So the things we will be designing will need to be driven by deeper ethical reason to exist, be challenging, delightful, surprising and enjoyable to use, reflect more honestly our relationship with ecology and our planet and embody a better understanding of quality of life rather than the standard living, easy isn’t it, really? But that is not as difficult maybe.
So one way to look at this is kind of looking at the idea of metamorphic design, where you might begin to actually work with metaphors to try and describe -it is not everything - but I take you off the site here with a little project: There is a student who was interested in how you get people to start to come back to the table and interact with each other, and she created a set of a objects as metaphors, where if you wanted to get people to eat breakfast together - you give them a cereal bowl that is plugged together and they can’t run away from each other, and it is intended to be humorous, it is intended not to be quite real, and it is intended to sort of create a kind of discourse and dialogue. You can put little sticks on your knives or spoons to engage in conversations, you can start a conversation with dysfunctional families that don’t speak to each other, you can leave messages for your Mom on the plate when she does the washing up, or Dad, let’s be social inclusive here. You can leave little messages about things you might have not spoken with them, or you can actually dress for dinner, physically dress for dinner in a proper way. These are kind of, somewhere between an idea and reality and they are useful, but they are not everything.
So then we can start to think about metamorphic design, oh God I love playing around with this word. you know; glad I don’t know what it is; John but I am playing around,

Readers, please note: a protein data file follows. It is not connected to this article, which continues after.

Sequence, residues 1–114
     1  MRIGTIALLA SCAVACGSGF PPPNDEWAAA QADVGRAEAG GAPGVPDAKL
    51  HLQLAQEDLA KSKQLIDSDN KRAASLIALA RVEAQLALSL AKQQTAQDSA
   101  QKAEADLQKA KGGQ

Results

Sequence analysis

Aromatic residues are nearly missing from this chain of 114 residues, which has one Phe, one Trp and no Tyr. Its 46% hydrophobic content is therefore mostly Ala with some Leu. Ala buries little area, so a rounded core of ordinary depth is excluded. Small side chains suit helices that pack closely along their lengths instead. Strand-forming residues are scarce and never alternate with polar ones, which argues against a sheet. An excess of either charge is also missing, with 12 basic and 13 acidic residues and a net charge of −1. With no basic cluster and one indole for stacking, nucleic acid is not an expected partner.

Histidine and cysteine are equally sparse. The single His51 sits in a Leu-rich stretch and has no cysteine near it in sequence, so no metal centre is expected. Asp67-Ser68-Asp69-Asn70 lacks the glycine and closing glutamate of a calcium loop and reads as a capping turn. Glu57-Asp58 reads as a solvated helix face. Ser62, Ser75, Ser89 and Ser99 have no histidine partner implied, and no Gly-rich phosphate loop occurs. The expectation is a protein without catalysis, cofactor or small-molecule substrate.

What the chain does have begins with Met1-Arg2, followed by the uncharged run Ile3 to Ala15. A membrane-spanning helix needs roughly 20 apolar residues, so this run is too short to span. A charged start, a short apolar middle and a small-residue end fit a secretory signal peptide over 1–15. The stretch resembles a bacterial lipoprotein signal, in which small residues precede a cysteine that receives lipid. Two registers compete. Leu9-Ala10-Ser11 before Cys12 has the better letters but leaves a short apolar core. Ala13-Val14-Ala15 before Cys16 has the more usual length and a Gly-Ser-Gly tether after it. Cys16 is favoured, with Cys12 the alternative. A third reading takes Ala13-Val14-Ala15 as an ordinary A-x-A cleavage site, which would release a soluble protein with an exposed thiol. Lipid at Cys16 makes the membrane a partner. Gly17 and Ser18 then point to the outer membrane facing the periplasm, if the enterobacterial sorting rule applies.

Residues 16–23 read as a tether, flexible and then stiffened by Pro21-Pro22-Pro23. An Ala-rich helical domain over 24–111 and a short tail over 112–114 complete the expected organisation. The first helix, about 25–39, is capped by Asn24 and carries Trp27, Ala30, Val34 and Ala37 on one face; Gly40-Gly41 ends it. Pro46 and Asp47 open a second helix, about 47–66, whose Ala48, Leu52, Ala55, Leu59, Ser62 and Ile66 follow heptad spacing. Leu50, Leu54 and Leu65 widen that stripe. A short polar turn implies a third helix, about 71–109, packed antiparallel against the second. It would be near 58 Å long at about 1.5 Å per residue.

You can elude it in two ways, you can have meta with design or design with meta. I worked in Sweden in the Masters program in Gothenburg, and I am going to show you a bit of design with meta. It is very interesting in Sweden that you work with this, almost religious design process. These guys are great - Masters students, and about 29-30 and they can design the ass of anything, and they are in total control of their process, in total control visually, formally, everything. But they don’t think too much about it. There are still in that kind of wonderful Swedish mindset. So I have been there for two years, I go one weekend every month and I am gradually, gradually and faster and faster undermining them, and working with ideas of how do you think about context, how do you tell stories, how do you connect out to a wider thing than this beautiful object. So, this is a guy called Mats and Mats told me everything I need to know about the “Me-We” generation of voluntary simplifiers. He came and said: there is a group of young people who are thinking differently, acting differently, subverting brands, doing all these things. These people really interest me, and what I want to do is to explore their needs in terms of mobility. In this we are accepting that the world is not where we wanted it to be. We are saying: that there will be mobility needs in the future, in a transitional sense from where we are now. So, he started to play around with these people and what they liked, and then he started to construct stories about how these young people get around, and he started to think of it as an object, which will grow better over time, it has patina, it has hydraulic motors in the wheels, it has no kick stand so it does get scratched and bumped, you can re-spray, you can add to it, you can set up little businesses around it where people will customize it for you, or if you get a new girlfriend you can swap your single C for CC or if you want to get down the shops you can get a trailer. And he wanted to develop an object that was fairly anonymous but would grow better over time to the point where the object you have over time would become more valuable than the new object, and you would develop a new set of relationships with it. And he just carried on and he could make it happen, this guy. You know, he can actually make form around it, give it shape and substance and, he made a full sized model of this damn thing, and I think in a transitional way he is a pretty amazing guy, because he cannot only begin to tell what we should be doing, he could actually be giving you the physical, emotional, visual experience of the object. Not perfect, but it is really interesting, and we are going to do a project with Volvo around future mobility with this guy, and a couple of other people. There are people in Gothenburg interested in mobility, but have never designed these kinds of things, he has never designed a vehicle before.